When VH1 first confirmed my appearance, they told us that I was going to be given two participants from the Fit Club house. I would beat them up with some drills, teach them some moves, and then ref a fight between them. This, like pretty much everything else related to my grand adventure, did not quite go as planned.
The night before my flight, with visions of pillow-fighting “celebrities” dancing through my head, I screwed up a box jump during a plyometric workout and hurled myself shin-first into the plyo box instead of landing on top of it like I had hundreds of times before. The accident left me with an unfortunate hybrid of bruise and abrasion that ran the length of my left tibia and hurt my leg almost as much as my pride. Instead of taking it as the obvious harbinger of minor doom that it was, I simply slapped a knee sock over my wound (because nothing says “tough and serious fighter” like knee socks) and hopped on a plane to L.A.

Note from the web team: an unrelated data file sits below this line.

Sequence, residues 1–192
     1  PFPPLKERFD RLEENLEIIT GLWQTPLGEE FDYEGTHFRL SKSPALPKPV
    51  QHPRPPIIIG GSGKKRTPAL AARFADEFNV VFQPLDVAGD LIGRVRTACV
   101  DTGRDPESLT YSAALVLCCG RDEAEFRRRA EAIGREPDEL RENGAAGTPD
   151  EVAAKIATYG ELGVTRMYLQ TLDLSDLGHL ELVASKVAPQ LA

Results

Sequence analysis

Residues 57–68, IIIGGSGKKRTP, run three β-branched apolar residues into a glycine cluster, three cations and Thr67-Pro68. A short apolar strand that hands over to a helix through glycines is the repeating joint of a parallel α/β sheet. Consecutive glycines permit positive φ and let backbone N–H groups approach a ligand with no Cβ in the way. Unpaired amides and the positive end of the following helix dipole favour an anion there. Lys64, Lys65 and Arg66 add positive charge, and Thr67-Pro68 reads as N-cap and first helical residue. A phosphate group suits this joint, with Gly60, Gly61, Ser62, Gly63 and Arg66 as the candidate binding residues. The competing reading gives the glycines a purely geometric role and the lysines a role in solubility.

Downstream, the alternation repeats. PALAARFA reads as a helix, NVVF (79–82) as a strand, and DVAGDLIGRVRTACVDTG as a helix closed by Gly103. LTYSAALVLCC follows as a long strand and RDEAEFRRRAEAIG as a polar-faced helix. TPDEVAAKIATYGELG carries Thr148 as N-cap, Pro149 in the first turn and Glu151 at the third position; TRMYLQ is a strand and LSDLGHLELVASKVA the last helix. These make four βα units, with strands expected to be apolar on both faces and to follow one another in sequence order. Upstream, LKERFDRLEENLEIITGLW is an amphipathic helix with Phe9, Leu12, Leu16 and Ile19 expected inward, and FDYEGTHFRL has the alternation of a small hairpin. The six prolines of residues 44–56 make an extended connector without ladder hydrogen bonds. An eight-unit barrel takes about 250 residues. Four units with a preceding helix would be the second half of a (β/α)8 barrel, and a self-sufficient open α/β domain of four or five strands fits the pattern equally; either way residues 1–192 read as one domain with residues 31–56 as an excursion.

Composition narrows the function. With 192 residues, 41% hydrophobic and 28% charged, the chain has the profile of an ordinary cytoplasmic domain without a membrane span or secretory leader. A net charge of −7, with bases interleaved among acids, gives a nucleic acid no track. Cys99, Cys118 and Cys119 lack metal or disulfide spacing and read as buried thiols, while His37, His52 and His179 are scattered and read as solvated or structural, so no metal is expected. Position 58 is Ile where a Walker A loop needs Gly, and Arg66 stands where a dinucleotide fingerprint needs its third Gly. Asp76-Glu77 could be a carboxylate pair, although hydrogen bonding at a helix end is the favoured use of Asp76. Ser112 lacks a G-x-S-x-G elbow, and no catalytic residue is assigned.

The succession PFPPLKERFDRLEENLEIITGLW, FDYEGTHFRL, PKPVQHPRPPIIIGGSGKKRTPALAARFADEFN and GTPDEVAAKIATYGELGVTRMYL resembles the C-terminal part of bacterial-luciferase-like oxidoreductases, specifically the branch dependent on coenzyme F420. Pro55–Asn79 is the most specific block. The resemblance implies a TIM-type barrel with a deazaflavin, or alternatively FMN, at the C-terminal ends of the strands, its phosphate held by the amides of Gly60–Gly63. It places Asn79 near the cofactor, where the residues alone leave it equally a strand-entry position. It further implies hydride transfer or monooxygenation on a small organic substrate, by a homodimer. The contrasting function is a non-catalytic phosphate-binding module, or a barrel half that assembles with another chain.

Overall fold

The flight was a low-grade nightmare that involved sitting on a tarmac in Minneapolis for over three hours for reasons I still don’t understand. We soon ran out of beverages and patience in equal order. I missed my connecting flight, by hours, and found myself stranded in Salt Lake City for the night. I remember calling my mother in hysterics, babbling about how nothing ever works out quite like I’d hoped. “And I hate Salt Lake City,” I added. “It’s like Niagara Falls, but with Mormons instead of wax museums and fun stuff.” My only consolation was the fact that my hours of refreshment deprivation on the stranded plane had left me looking as cut as a dehydrated fitness model. So I admired my beautiful abs in between choking sobs and then collapsed into bed.